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Gems and jewellery industry asks bankers not to reduce credit limits

The gems and jewellery industry has urged bankers not to reduce their current credit limits as this would hamper and erode exports and employment creation, GJEPC said in a white paper, reported PTI. The Gems and Jewellery Export Promotion Council (GJEPC) said it will release this paper in Mumbai on May 11 at a banking summit. The white paper, titled ‘Diamond Financing 2018 New Challenges’, has been compiled by GJEPC in consultation with the industry and banks.
The paper assumes significance as the Reserve Bank of India in March banned the issuance of letters of undertaking (LoUs) and letters of comfort (LoCs), used extensively for trade finance, following the Nirav Modi fraud case. In light of the present scenario, it said, the white paper focuses on key challenges faced by the bankers in financing the gems and jewellery industry and how to address them. “The paper will aim to address critical banking issues like assessment of credit limit, collateral security, related party transactions, inventory valuation, subsidiary financing guidelines, and is aimed at mitigating the concerns of the key stakeholders of the industry that has been hit by the recent fraud,” it said in a statement.

GJEPC Chairman Pramod Agarwal said that the banking seminar would provide a forum to regain trust and ensure all bankers have a profitable experience in lending this trade. In the white paper, “the industry has requested bankers not to reduce their current credit limits as this would further hamper and erode exports of the country and hamper employment creation,” it added. “Downgrading of the trade will further lead to spiking up costs such as interest, processing fee, which is financially not viable as gems and jewellery is a labour and working capital intensive industry,” it said.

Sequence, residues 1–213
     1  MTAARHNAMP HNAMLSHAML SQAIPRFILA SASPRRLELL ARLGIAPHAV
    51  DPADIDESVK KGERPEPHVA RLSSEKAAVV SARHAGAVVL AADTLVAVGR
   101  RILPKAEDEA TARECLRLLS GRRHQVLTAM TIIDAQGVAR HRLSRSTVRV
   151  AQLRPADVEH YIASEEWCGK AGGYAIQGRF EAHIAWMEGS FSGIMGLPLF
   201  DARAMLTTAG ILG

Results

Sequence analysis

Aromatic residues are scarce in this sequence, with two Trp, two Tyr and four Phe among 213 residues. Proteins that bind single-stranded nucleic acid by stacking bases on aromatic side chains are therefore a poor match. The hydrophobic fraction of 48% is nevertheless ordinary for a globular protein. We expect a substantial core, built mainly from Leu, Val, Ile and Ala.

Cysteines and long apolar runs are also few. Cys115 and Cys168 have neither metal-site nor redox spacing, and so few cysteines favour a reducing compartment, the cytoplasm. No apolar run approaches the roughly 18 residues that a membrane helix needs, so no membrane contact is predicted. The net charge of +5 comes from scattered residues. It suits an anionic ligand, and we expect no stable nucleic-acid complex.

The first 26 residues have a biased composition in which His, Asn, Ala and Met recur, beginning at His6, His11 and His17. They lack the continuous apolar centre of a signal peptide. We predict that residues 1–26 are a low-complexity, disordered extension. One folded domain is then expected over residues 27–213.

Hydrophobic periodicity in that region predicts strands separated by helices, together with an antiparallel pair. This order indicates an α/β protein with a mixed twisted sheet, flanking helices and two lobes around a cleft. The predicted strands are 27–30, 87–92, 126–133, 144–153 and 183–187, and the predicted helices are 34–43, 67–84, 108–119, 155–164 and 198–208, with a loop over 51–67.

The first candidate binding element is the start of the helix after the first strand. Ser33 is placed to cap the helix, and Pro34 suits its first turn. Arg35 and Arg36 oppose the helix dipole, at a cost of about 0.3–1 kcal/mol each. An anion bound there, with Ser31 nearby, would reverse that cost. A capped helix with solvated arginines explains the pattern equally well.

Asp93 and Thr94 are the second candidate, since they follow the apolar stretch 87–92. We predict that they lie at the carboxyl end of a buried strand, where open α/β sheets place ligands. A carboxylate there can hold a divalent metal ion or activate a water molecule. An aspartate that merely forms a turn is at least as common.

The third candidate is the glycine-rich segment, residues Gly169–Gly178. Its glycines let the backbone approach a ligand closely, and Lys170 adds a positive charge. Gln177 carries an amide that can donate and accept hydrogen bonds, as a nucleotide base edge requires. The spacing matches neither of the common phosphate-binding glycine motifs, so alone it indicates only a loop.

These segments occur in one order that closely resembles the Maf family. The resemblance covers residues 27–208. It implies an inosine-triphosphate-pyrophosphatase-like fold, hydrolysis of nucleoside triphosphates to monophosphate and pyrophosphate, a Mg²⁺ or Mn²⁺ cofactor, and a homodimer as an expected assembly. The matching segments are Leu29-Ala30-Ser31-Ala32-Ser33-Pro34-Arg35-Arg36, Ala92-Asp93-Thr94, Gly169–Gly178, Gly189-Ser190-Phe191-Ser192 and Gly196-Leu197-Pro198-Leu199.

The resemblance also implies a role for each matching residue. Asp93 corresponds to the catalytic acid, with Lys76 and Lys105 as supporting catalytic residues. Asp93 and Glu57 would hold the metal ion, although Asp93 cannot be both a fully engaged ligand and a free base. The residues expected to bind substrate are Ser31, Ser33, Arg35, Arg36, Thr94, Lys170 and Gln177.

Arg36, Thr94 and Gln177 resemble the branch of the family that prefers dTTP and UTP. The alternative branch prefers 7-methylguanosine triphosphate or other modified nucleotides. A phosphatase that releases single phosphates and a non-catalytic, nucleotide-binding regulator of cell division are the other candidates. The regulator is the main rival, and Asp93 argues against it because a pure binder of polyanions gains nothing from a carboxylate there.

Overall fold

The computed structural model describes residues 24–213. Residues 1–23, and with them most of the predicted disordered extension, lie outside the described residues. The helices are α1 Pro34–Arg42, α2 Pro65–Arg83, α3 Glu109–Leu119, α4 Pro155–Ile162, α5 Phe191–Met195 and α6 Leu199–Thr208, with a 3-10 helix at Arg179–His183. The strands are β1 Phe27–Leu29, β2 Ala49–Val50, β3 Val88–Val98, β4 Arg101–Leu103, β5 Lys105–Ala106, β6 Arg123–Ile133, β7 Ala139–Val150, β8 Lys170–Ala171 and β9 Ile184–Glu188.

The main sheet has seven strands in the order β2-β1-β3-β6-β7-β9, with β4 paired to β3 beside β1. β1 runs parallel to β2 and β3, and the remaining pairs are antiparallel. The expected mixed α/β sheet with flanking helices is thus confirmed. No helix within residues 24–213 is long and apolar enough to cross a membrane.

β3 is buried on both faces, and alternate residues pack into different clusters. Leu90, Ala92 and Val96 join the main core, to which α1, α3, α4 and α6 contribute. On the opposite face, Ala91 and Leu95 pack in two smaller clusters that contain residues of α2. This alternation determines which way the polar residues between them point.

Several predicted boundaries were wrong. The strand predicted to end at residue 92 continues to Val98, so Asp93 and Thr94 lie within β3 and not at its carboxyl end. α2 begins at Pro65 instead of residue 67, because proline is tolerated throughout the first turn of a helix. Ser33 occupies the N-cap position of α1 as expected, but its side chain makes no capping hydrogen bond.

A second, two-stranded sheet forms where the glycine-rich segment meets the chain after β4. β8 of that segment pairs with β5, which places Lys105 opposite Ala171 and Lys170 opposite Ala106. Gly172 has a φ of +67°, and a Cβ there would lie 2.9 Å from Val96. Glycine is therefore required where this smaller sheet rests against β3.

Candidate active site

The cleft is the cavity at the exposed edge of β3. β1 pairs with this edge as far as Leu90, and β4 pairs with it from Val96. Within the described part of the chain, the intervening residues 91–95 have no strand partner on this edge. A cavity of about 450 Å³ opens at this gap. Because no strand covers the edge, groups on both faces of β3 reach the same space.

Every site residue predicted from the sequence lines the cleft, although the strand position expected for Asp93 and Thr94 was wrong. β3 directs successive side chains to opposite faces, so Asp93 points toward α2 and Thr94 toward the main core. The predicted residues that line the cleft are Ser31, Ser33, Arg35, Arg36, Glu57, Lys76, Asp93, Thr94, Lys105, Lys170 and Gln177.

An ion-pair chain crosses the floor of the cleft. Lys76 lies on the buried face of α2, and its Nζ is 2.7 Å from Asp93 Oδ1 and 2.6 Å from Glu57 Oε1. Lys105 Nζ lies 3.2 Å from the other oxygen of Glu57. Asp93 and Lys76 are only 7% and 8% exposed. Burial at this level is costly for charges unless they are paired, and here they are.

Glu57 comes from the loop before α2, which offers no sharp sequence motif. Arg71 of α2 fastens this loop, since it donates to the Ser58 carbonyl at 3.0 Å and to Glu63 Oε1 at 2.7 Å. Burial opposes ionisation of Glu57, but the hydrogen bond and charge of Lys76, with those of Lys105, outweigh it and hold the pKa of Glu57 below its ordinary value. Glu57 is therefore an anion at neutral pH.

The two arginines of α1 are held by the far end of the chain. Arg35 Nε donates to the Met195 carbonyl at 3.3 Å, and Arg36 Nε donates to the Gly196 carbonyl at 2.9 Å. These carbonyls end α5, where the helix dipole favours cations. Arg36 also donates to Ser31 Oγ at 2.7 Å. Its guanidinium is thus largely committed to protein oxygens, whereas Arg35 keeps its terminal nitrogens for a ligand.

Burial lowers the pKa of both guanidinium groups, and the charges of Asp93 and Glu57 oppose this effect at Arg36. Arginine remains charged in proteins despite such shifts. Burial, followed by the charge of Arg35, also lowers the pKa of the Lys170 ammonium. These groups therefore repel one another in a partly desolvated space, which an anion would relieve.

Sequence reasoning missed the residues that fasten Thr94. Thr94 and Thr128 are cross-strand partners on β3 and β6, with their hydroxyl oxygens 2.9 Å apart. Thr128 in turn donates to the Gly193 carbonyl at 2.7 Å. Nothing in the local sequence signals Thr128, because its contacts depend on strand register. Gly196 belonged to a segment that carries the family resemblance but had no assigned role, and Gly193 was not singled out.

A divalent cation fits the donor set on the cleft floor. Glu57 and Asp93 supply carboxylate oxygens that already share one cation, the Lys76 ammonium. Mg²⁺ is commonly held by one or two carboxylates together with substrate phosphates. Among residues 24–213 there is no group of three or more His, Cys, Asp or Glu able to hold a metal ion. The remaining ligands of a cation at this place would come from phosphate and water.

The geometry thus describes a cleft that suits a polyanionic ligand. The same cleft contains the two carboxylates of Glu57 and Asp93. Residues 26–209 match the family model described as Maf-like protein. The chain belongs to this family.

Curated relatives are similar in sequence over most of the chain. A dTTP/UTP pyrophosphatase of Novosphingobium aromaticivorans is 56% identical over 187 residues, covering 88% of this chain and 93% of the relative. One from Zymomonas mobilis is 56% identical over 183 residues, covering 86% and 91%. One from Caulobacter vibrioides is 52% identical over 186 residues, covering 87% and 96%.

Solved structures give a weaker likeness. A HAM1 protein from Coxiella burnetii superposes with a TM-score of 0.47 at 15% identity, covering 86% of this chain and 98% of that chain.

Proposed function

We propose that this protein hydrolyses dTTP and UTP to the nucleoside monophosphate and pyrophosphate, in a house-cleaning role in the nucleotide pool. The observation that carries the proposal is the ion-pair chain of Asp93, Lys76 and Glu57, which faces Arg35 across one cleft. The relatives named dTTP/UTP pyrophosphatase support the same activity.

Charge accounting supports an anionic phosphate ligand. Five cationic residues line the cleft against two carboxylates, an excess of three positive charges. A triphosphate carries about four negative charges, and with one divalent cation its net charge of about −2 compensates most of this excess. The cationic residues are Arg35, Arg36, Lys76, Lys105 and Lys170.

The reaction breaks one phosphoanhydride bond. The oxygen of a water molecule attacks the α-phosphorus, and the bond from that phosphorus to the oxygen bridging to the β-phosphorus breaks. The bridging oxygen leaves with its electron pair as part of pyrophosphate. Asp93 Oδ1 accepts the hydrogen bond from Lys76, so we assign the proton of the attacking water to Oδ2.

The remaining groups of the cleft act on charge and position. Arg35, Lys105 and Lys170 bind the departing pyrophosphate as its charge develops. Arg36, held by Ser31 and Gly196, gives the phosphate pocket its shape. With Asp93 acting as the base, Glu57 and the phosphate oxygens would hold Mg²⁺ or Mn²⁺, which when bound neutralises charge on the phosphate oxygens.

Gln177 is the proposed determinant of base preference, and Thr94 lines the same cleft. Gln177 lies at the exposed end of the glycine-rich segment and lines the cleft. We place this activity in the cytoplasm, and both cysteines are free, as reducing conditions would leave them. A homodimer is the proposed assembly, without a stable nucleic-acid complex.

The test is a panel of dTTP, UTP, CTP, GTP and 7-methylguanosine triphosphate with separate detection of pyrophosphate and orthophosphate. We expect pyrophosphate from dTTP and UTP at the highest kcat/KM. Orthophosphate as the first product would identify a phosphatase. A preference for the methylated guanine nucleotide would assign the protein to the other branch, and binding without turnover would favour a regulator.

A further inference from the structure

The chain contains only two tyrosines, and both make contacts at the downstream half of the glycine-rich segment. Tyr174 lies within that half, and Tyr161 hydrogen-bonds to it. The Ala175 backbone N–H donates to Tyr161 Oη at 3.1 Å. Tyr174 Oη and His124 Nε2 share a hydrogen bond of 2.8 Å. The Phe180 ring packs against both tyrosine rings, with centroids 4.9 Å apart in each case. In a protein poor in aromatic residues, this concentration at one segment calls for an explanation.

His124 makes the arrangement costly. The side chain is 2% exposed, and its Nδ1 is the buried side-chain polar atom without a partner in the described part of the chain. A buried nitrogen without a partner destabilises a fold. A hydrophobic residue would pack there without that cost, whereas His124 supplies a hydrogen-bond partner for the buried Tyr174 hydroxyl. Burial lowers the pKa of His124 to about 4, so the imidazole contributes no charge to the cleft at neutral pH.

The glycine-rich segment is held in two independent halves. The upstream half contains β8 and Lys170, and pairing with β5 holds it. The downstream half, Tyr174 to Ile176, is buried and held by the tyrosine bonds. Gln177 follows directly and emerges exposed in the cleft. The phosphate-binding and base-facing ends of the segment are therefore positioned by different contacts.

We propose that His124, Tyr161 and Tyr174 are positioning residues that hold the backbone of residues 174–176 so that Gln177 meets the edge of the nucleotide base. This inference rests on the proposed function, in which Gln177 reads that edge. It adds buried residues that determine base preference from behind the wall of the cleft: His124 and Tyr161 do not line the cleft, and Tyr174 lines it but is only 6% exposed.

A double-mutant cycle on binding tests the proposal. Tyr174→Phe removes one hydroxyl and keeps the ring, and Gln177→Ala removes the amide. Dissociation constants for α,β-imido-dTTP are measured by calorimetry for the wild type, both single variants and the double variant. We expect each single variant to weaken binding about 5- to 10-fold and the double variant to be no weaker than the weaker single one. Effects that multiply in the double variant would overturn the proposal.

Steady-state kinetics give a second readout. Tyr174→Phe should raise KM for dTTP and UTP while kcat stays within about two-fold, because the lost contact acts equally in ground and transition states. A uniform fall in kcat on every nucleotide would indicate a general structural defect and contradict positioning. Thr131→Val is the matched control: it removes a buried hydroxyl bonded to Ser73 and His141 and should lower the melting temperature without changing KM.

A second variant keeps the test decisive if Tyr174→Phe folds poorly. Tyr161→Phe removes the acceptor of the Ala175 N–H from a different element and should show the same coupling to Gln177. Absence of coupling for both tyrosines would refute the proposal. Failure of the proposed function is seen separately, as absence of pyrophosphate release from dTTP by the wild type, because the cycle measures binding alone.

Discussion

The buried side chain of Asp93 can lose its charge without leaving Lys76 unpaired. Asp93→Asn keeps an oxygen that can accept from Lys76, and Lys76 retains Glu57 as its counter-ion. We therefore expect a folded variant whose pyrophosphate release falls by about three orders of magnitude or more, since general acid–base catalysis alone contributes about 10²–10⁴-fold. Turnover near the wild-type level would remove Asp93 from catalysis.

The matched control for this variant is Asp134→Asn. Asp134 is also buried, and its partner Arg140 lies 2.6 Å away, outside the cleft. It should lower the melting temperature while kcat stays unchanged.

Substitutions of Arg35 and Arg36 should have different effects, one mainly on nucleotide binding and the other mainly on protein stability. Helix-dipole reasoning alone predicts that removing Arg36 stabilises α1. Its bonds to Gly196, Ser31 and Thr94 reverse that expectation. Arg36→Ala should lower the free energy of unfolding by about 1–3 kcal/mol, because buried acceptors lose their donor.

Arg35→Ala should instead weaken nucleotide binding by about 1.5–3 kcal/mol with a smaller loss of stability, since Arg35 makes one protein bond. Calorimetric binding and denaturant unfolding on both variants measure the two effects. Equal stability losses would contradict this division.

Besides, a credit risk investigation team should be set up to track and provide intelligent information from the trade members, which can then be used by the bankers to take informed credit decisions, it added. Further, the council said it has proposed collateral security based on a company’s credit rating. On stock evaluation, the council has proposed for at least one valuation in a financial year by external independent valuers.